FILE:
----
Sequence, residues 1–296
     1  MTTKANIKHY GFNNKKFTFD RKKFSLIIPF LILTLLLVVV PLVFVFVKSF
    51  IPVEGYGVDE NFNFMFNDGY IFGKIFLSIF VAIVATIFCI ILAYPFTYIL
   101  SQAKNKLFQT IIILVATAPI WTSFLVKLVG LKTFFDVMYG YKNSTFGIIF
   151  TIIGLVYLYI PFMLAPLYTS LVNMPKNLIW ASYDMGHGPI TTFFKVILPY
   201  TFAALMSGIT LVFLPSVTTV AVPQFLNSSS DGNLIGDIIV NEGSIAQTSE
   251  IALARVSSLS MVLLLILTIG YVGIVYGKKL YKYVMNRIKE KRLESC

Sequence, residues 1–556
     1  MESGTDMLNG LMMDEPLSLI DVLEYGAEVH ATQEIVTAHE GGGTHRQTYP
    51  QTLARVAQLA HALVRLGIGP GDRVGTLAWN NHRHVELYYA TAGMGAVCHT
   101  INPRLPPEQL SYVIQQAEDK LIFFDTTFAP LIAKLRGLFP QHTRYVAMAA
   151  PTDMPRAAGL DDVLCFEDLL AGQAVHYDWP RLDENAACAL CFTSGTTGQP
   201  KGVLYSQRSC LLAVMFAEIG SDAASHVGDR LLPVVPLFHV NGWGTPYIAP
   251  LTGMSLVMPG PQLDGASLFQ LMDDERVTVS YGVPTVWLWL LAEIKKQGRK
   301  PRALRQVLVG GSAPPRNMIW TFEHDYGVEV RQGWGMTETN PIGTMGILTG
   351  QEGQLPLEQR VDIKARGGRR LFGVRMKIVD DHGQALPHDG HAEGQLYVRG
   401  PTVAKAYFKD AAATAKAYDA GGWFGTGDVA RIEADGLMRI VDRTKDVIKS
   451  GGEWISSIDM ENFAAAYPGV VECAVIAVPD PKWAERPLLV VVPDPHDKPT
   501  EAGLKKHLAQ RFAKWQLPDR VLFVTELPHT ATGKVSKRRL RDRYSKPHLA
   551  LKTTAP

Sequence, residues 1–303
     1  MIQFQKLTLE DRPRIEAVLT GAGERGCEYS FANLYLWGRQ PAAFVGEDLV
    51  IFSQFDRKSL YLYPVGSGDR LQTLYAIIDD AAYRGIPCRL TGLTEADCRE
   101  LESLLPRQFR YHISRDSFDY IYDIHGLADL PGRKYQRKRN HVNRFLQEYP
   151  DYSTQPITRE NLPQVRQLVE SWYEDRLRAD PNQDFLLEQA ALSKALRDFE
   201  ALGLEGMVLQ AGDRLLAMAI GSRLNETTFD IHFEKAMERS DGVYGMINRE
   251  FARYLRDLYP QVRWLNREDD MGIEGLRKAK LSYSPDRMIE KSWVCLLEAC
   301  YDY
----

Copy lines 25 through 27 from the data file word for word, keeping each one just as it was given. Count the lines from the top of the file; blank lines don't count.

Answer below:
   151  DYSTQPITRE NLPQVRQLVE SWYEDRLRAD PNQDFLLEQA ALSKALRDFE
   201  ALGLEGMVLQ AGDRLLAMAI GSRLNETTFD IHFEKAMERS DGVYGMINRE
   251  FARYLRDLYP QVRWLNREDD MGIEGLRKAK LSYSPDRMIE KSWVCLLEAC